A Rouges Gallery of Threats to Web Privacy

June 30, 2011 – In The News
The Philadelphia Inquirer

A recent surge of high-profile hacks into companies such as AT&T and Sony, as well as into government agencies such as the FBI, have spurred users of the Web to grow concerned about the safety of their personal information

"Face it." said Scott Vernick. "Nothing is safe."

The odds that valuable information can be leaked from personal computers to hackers is minimal, but the risk increases when you join a network, such as Sony's gaming network, or have weak passwords.

Representatives are working to improve government protection of information and companies are working to make breaches more transparent to customers, something called "breach notification." "Amazingly enough," said Vernick, "no federal law makes it mandatory. Why not?"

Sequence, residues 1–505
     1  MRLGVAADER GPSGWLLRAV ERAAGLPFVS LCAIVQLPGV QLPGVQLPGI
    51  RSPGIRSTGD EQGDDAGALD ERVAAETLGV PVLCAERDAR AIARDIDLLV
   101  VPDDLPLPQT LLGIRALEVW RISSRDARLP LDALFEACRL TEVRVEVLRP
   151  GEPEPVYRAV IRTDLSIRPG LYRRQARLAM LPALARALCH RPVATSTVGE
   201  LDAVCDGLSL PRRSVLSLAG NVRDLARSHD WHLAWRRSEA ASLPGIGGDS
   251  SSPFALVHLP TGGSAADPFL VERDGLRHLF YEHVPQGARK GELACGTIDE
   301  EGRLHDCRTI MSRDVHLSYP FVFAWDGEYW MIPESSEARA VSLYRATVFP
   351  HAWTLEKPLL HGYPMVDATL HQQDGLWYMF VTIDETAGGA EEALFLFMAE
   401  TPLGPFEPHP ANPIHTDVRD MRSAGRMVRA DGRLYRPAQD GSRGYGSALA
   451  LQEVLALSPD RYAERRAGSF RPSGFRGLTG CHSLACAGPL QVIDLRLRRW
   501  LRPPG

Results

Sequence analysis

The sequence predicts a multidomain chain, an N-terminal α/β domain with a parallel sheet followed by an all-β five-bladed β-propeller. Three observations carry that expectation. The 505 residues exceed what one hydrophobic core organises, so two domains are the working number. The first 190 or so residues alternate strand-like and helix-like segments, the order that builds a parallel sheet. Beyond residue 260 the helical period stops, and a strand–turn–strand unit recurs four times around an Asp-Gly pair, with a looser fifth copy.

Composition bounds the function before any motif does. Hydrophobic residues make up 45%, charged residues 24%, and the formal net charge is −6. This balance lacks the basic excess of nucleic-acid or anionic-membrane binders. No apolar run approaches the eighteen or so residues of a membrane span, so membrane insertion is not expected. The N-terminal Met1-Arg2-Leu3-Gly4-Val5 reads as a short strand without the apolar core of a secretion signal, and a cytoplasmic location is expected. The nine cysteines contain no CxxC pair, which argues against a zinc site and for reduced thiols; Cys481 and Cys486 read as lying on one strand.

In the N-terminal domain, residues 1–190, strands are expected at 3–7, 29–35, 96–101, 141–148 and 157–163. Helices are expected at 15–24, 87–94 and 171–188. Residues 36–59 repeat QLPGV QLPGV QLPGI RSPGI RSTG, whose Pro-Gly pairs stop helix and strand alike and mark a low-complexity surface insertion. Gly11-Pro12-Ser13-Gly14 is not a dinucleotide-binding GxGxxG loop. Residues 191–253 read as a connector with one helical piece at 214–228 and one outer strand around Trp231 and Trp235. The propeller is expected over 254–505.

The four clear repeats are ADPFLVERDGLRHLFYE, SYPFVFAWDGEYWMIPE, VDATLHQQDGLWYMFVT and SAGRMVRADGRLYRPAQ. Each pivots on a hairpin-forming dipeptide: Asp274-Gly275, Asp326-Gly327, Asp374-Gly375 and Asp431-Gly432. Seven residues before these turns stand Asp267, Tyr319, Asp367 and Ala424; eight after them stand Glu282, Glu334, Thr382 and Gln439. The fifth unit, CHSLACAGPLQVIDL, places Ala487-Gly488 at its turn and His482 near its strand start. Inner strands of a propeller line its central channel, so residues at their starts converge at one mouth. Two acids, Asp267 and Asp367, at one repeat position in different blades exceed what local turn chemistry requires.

The legal collection of personal data has become a $1 trillion Web business with no real benefit to those submitting the data.

Vernick suggests that "when you're using a web site, the owner/operator should tell you what he's going to do with your personal information, and with the information that you've come to this site."

Web browsers are now incorporating an option for users to turn off tracking so data on their web browsing habits cannot be collected.

Although high-profile hacks have consumers worried, the biggest threat does not come from large hacking companies, but the small groups of criminals looking to break into bank accounts and contact lists. Users can prevent this by creating strong passwords, changing their passwords frequently and pressuring organizations to invest in better security.

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